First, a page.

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PRICE v. GEORGIA

decided: June 15, 1970.

PRICE
v.
GEORGIA



CERTIORARI TO THE SUPREME COURT OF GEORGIA.

Burger, Black, Douglas, Harlan, Brennan, Stewart, White, Marshall; Blackmun took no part in the consideration or decision of this case.

Author: Burger

[ 398 U.S. Page 324]

 MR. CHIEF JUSTICE BURGER delivered the opinion of the Court.

We granted the writ to consider the power of a State to retry an accused for murder after an earlier guilty verdict on the lesser included offense of voluntary manslaughter had been set aside because of a trial error.

Petitioner was charged with the killing of Johnnie Mae Dupree in an indictment for the offense of murder filed in the Superior Court of Effingham County, Georgia. He entered a plea of not guilty and was tried on October 17, 1962. The jury returned a verdict of guilty to the lesser included crime of voluntary manslaughter and fixed the sentence at 10 to 15 years in the state penitentiary. The jury's verdict made no reference to the charge of murder.

The Court of Appeals of Georgia reversed the conviction because of an erroneous jury instruction and ordered a new trial. Price v. State, 108 Ga. App. 581, 133 S. E. 2d 916 (1963).

On October 20, 1967, petitioner was again placed on trial for murder under the original indictment. Before the commencement of the second trial petitioner entered a plea of autrefois acquit, claiming that to place him again on trial for the offense of murder would expose him to double jeopardy in view of the verdict of voluntary manslaughter at the initial trial. The trial judge rejected the plea and, at the close of the trial, included instructions on the offense of murder in his charge to the jury so that the jury could have rendered a verdict of guilty on that offense. That jury, like the first, found petitioner guilty of voluntary manslaughter, and then fixed the penalty at 10 years' imprisonment.

[ 398 U.S. Page 325]

     Petitioner sought direct review of his second conviction in the Supreme Court of Georgia,*fn1 but that court transferred the case to the Court of Appeals of Georgia, declaring that "only questions as to the application of plain and unambiguous provisions of the Constitution of the United States being involved, . . . the case is one for the consideration of the Court of Appeals . . . ." Price v. State, 224 Ga. 306, 307, 161 S. E. 2d 825, 826 (1968).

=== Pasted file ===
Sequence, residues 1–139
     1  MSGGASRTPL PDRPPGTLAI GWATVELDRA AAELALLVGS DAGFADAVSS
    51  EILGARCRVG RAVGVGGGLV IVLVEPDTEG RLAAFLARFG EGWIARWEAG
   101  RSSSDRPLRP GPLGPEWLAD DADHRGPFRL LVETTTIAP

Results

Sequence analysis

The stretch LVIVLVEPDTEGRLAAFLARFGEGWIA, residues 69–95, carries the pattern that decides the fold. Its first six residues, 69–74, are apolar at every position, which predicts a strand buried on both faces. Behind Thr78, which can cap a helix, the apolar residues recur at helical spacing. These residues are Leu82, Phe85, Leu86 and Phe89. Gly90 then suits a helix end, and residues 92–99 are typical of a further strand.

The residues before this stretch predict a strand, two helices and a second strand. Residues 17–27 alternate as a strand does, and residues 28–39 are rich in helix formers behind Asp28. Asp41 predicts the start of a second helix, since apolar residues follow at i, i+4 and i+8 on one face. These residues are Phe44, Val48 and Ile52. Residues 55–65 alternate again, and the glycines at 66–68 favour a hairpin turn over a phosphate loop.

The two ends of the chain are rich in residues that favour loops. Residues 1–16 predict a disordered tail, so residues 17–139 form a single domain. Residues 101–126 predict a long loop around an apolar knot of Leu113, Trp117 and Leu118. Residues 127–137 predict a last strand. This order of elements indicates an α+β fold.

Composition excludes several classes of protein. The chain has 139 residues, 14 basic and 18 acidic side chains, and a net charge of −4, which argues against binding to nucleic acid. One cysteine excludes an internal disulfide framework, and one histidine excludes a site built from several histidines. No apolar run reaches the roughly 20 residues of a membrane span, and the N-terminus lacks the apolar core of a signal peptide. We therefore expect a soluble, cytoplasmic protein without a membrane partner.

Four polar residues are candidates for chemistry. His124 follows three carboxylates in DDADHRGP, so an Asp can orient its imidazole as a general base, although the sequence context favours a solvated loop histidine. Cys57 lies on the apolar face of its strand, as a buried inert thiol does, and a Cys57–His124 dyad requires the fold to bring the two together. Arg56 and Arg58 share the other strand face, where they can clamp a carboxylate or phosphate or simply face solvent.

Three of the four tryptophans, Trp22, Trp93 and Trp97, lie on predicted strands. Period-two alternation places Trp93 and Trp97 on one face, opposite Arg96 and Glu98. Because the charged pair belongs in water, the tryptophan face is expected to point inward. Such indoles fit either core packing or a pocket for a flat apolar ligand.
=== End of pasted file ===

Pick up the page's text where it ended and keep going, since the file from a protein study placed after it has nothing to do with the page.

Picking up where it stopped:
The Georgia Court of Appeals then heard the appeal and affirmed the second conviction, rejecting petitioner's argument, among others, that his retrial for murder constituted double jeopardy. Price v. State, 118 Ga. App. 207, 163 S. E. 2d 243 (1968). The Court of Appeals held that in Brantley v. State, 132 Ga. 573, 64 S. E. 676 (1909), aff'd, 217 U.S. 284 (1910), the Georgia Supreme Court had decided this question adversely to petitioner. The Court of Appeals then quoted from the Brantley case's syllabus:

"When a person has been indicted for murder and convicted of voluntary manslaughter, if he voluntarily seeks and obtains a new trial, he is subject to another trial generally for the offense charged in the indictment, and upon such trial he cannot successfully interpose a plea of former acquittal of the crime of murder, or former jeopardy in regard thereto." 118 Ga. App., at 208, 163 S. E. 2d, at 244.

Petitioner sought a rehearing, contending, as he contends here, that Brantley was no longer controlling. He relied on Green v. ...


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